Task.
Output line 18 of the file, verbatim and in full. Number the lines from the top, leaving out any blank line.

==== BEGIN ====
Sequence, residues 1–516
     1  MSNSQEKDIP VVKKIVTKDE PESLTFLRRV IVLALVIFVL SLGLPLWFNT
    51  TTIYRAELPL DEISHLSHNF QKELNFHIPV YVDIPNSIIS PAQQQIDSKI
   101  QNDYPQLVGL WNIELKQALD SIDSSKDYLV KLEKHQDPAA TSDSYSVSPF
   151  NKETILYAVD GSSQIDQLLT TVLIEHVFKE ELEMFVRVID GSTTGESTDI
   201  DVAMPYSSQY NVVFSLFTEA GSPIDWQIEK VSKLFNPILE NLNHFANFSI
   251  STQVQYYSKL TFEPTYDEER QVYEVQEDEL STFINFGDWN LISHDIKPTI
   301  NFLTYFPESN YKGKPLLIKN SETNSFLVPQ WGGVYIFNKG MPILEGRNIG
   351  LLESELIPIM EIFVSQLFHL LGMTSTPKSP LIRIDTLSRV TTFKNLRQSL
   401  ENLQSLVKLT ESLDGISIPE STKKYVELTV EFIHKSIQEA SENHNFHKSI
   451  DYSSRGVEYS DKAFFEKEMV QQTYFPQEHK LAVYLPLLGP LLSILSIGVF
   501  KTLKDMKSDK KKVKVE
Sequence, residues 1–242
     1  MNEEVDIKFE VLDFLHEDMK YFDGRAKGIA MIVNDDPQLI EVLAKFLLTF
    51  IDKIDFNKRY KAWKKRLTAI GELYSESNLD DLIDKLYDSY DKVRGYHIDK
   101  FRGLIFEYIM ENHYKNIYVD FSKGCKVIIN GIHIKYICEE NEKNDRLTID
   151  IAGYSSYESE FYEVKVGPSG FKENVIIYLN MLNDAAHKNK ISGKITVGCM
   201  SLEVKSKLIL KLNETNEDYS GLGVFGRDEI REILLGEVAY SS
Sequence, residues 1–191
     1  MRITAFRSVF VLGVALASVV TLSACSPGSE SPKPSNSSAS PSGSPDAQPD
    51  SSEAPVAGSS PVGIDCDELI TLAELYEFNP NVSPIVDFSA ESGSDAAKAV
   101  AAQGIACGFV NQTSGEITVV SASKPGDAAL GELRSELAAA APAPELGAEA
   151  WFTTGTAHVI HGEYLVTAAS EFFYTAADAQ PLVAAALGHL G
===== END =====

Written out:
   201  SLEVKSKLIL KLNETNEDYS GLGVFGRDEI REILLGEVAY SS